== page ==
Definition of Bonds and Stock
In this context, bonds refers to bonds payable, a form of long-term debt that typically promises to pay interest every six months and the principal amount at a specified maturity date. The interest expense associated with bonds payable is deductible from a U.S. corporation's taxable income. In other words, a profitable corporation will save paying income tax on the amount of the interest expense. The amount of the income tax savings depends on the amount of the interest expense and the corporation's federal and state incremental income tax rates.
In this context, stock usually refers to shares of common stock, which is evidence of an ownership interest in a corporation. Corporations decide whether it will distribute some of its earnings in the form of dividends to its stockholders. Dividends are not an expense and therefore do not reduce the corporation's net income or its taxable income.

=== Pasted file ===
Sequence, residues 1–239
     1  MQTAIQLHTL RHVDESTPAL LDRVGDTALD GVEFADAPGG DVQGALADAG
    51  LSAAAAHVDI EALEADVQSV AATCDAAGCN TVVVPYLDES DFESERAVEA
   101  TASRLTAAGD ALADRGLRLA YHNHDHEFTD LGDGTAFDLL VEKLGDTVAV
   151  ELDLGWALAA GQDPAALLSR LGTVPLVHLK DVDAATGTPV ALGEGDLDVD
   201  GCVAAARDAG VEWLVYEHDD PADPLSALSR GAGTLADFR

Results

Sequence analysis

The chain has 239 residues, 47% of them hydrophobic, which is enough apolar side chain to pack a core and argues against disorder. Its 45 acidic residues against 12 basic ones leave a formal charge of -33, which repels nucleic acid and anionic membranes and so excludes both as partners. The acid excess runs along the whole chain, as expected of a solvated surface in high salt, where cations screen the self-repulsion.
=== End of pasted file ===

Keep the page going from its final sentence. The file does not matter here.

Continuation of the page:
Example of Tax Advantage of Bonds Instead of Stock
If a corporation issues $10,000,000 of bonds having an interest rate of 8%, its annual interest expense will be $800,000. When the $800,000 of interest expense is entered on the corporation's income tax return, its taxable income will decrease by $800,000. If the corporation's combined federal and state income tax rate on this increment is 40%, the corporation will save paying income taxes of $320,000 ($800,000 of less taxable income X 40%). If the corporation's income tax rate on this increment is 30%, the corporation will save paying income taxes of $240,000 ($800,000 X 30%).
Due to the income tax savings, the net cost of the borrowed money is reduced. In the above example in which the corporation had an incremental tax rate of 40%, its net cost of the borrowed money is $480,000 ($800,000 of interest minus $320,000 of income tax savings) or 4.8% ($480,000/$10,000,000). For a corporation with a combined tax rate of 30%, the net cost of the borrowed money will be $560,000 or 5.6% ($560,000/$10,000,000).